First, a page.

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Perhaps the most over-trafficked subject matter among contemporary American dramatists is the dysfunctional family. So one of the many wonders of the haunting musical Fun Home is the unique perspective it brings to that theme, in a deeply personal story that marries the specificity of individual experience with an emotional universality that will find echoes in many of our lives. Composer Jeanine Tesori and writer-lyricist Lisa Kron have done something extraordinary here, reshaping cartoonist Alison Bechdel‘s graphic memoir into an unconventional memory play that seamlessly integrates music and drama.
Full disclosure: I’m a late convert to this show about coming out, coming of age and coming to grips with the past, having caught it midway through the fall 2013 premiere run at the Public Theater. While ecstatic reviews had built up my expectations, I came away back then admiring the creative team’s craft, and their audaciousness in tackling such nontraditional material as a musical. But Fun Home didn’t move me. Whether it’s the benefits of second-time exposure or the skill with which director Sam Gold and designer David Zinn have reconfigured the production to play in the round, intensifying its intimacy, this time I found it a beguiling experience, almost unbearably poignant at times.
Bechdel’s 2006 book is subtitled A Family Tragicomic, which is also a perfect fit for this musical adaptation. At the end of the opening song, the adult Alison (Beth Malone) looks back on her childhood spent around the family funeral home — the “fun home,” as the kids affectionately call it — and says: “My dad and I both grew up in the same small Pennsylvania town. And he was gay. And I was gay. And he killed himself. And I became a lesbian cartoonist.”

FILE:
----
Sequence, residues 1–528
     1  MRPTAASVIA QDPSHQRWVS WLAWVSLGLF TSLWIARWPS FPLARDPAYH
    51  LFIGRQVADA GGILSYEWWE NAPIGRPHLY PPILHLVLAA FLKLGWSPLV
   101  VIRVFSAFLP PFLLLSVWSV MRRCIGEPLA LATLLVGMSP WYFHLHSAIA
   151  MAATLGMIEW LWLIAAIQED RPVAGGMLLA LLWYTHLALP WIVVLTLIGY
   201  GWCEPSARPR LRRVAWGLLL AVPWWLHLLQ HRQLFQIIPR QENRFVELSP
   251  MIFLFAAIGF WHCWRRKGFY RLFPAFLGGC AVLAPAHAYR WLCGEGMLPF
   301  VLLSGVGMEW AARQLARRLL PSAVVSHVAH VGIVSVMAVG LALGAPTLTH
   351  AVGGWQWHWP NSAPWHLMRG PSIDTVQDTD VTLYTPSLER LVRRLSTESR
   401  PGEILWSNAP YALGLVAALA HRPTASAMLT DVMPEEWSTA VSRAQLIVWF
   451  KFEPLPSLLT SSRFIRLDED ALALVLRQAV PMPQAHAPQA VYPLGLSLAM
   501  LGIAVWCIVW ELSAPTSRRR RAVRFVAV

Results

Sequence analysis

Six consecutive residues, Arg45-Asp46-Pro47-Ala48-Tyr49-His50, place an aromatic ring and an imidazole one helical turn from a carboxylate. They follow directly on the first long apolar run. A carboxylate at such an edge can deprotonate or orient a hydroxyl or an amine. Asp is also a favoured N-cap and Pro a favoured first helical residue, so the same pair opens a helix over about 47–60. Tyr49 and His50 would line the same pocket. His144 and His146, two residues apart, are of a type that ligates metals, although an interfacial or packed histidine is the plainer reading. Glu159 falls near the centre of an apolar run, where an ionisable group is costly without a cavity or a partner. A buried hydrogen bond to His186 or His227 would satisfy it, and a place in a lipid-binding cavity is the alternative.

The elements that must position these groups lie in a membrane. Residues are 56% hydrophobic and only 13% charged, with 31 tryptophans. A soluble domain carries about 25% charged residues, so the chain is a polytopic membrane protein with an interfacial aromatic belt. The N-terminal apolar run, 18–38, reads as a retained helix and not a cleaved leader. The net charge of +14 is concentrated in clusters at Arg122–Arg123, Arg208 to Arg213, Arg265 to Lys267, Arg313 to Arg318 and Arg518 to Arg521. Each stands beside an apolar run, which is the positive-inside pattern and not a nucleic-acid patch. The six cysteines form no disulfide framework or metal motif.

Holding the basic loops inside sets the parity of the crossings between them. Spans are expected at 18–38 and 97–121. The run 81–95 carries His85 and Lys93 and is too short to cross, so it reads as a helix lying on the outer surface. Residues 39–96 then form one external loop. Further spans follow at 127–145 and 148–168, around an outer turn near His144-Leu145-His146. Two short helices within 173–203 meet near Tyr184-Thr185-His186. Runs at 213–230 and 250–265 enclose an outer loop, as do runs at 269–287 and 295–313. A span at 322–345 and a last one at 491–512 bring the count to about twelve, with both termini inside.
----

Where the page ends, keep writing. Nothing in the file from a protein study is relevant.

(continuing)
That might seem a lot of information to divulge right off the bat, but it’s the questioning way in which Alison approaches her painful family past that makes this deftly conceived show so satisfying. To borrow from one of the song lyrics, she “rearranges and realigns,” excavating forgotten details to flesh out the grid of her comic-strip narrative until she can finally move the overlapping squares into sequential order. And while it can sometimes be a leaden dramatic device to have older characters observing their younger selves, watching Malone’s 43-year-old Alison share the stage with her 19-year-old college freshman self (Emily Skeggs) and their nine-year-old counterpart (Sydney Lucas), you start very early to see them as a single, wonderfully real character. Each performance brings something distinctive yet inextricably interrelated to the role.
For gay audiences, female or male, the depiction of discovering and embracing one’s sexual identity here will be bittersweet, funny and moving. We get to know young Alison as a girl who squirms when forced into a party dress, repeatedly removing her barrettes while quietly suggesting that a crew cut would keep her hair out of her eyes more efficiently. In one knockout song performed by Lucas with aching tenderness, we share her eye-opening thrill as an “old-school butch” delivery woman enters a luncheonette and the girl is transfixed by her swagger, her bearing and her clothes, in an interior-monologue serenade that crests with, “And your keys. Oh-oh, your ring of keys.” Another standout is “Changing My Major,” sung by Skeggs after Alison’s dizzying initiation into sex with her more evolved college girlfriend Joan (Roberta Colindrez, terrific).
Malone relives these experiences, either with an embarrassed eye roll or with the expanded understanding of hindsight, just as many of us in the audience are probably revisiting similar memories.
But while Fun Home chronicles Alison’s experience of coming out the healthy, well-adjusted way, it also deals in unflinchingly honest, unsentimental terms with the costs of repression and denial through Michael Cerveris as her closeted dad Bruce.
Again, there’s no gradual reveal here; gaydars will be set off the minute Bruce enters and starts gushing over the quality of genuine Irish linen. But this is a searing performance, full of pathos and compassion, even as Cerveris dares to make his character unsympathetic, often withholding affection or approval from his children. He explores the corrosive conflicts of a man who wants to be a good husband and father but is prey to physical and emotional frustrations that bubble up in dangerous acts of transgression or in depressive fits of anger. To writer Kron’s enormous credit, the usual banal pop-psychology message about the importance of self-acceptance is refreshingly left unstated.